DPS will be closely analyzing the implications of the budget for 
NASA and the programs within it. 
 
In the meantime, letters, phone calls, and faxes to NASA and the 
press in support of the Discovery and other PI-led programs are 
critically important.  These could stress 1) your disappointment 
in the recent non-selection and 2) your support for Discovery and 
other PI-led programs; request that 3) NASA openly investigate 
the causes of this non-selection; and most important, that 
4) NASA recommit itself to making competitive selections in 
these programs. 
 
We ask you, however, to also prepare for a much larger effort 
that we may be calling upon you to undertake, which transcends 
our serious concerns for individual programs.
 
On behalf of the DPS Committee,
 
Bill McKinnon
DPS Chair
 
 
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2005 DPS PRIZE NOMINATIONS SOUGHT
 
As announced in Mailings #05-01 and 05-02, the DPS Prize Subcommittee 
is seeking nominations for 2005 winners of the Urey, Kuiper, Masursky, 
and Sagan Prizes.  The deadline for submission of completed 
applications is 7 March, 2005.
 
More information is available at 
 
http://www.aas.org/~dps/prizes_contact.html
 
along with a nomination form.  A complete nomination will be considered 
by the Prize subcommittee for three years. You may wish to contact me 
to see if there already is an active pending nomination for your 
candidate. Because of the time it takes to accumulate materials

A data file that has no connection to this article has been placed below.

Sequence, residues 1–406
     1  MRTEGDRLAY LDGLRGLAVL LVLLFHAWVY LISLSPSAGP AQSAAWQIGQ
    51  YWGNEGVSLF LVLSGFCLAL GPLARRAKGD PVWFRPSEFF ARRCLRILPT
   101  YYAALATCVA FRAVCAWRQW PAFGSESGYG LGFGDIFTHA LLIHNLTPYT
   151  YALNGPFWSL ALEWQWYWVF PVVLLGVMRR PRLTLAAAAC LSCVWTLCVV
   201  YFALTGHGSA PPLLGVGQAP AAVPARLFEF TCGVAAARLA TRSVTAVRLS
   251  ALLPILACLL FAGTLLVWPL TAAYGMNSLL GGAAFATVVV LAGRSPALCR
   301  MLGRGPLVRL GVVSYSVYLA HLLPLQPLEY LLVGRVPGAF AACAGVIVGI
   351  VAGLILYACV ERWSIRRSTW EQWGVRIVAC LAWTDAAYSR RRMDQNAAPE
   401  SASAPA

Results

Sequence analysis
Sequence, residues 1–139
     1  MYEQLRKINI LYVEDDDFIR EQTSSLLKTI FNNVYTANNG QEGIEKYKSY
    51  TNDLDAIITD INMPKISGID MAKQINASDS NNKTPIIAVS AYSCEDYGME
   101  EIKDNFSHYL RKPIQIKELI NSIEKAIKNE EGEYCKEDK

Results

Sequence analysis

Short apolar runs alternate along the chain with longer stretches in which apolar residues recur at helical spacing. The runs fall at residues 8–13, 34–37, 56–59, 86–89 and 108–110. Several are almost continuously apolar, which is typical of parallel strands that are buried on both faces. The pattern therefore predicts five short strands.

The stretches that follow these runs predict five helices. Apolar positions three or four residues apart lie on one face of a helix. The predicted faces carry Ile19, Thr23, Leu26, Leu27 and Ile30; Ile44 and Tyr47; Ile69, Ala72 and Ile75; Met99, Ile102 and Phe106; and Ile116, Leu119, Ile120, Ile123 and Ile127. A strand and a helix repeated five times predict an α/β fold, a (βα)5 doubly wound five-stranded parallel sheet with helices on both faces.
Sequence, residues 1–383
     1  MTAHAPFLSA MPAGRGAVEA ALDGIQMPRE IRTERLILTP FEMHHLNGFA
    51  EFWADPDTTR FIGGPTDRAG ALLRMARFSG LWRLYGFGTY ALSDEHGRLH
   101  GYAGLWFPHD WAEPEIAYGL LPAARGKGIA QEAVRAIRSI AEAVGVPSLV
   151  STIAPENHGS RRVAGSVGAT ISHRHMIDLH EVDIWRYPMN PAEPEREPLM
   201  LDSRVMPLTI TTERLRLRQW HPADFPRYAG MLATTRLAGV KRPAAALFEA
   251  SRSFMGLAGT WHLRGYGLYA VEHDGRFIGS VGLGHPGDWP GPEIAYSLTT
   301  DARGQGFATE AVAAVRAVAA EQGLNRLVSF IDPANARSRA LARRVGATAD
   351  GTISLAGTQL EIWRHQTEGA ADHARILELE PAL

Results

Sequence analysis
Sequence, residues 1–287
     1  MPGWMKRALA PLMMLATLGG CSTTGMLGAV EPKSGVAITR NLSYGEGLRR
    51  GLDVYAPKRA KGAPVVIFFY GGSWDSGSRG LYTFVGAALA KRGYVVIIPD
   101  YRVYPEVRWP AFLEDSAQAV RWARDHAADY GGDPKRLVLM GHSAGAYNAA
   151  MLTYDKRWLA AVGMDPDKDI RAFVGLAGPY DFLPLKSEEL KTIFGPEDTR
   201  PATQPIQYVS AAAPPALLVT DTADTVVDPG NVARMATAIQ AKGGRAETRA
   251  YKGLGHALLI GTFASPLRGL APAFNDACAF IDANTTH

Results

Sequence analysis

needed for a nomination, I encourage all of you to begin as soon 
as possible. The award will be presented at the 2005 DPS meeting 
in Cambridge, England.
 
William D. Cochran
DPS Prize Subcommittee Chair
McDonald Observatory
1 University Station C1402
Austin TX 78712-0259
Ph: (512) 471-6474
Fax: (512) 471-6016
wdc at astro.as.utexas.edu
 
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PRELIMINARY INFORMATION ABOUT DPS 2005
CAMBRIDGE, ENGLAND
 
The preliminary meeting website is at http://www.dps2005.org/.  It is 
not yet possible to book accommodation, etc., via the website.  Those 
functions will be available soon.
 
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VENUS EXPLORATION ANALYSIS GROUP (VEXAG)
 
Dear Colleague,
We are working with NASA to establish a Venus Exploration Analysis 
Group (VEXAG). While this group will build on a nucleus of US scientists 
involved in the ESA's Venus Express mission, it is intended to represent 
the full range of scientific interest in the study or our sister planet.
 
As NASA moves to redefine itself in light of the President's Vision for 
Exploration, strategic roadmaps are being developed for exploration and 
scientific investigations throughout the solar system. We feel that it 
is imperative that the Venus community has a voice as these roadmapping 
exercises continue to define mission priorities for the coming decades. 
VEXAG is intended to fill this role of assisting NASA in its planning 
and to represent the wishes of the community in much the same way as 
MEPAG, LEAG and OPAG represent the Martian, Lunar and Outer Planets 
Communities, respectively.
 
If you have a wish to participate in VEXAG or simply want to stay informed 
of Venus-related activities internationally, please register at out 
new web site.
 
http://www.lpi.usra.edu/vexag
 
While this site is now just under construction, it is intended to 
act as a locus for information on Venus activities, and as an 
archive for and connection to Venus data.
 
Best regards,
 
Steve Mackwell
Director, LPI
 
 
 
Linda French Emmons, DPS Secretary
send submissions to lfrench at iwu.edu
Submissions should be in text format (no attachments, please).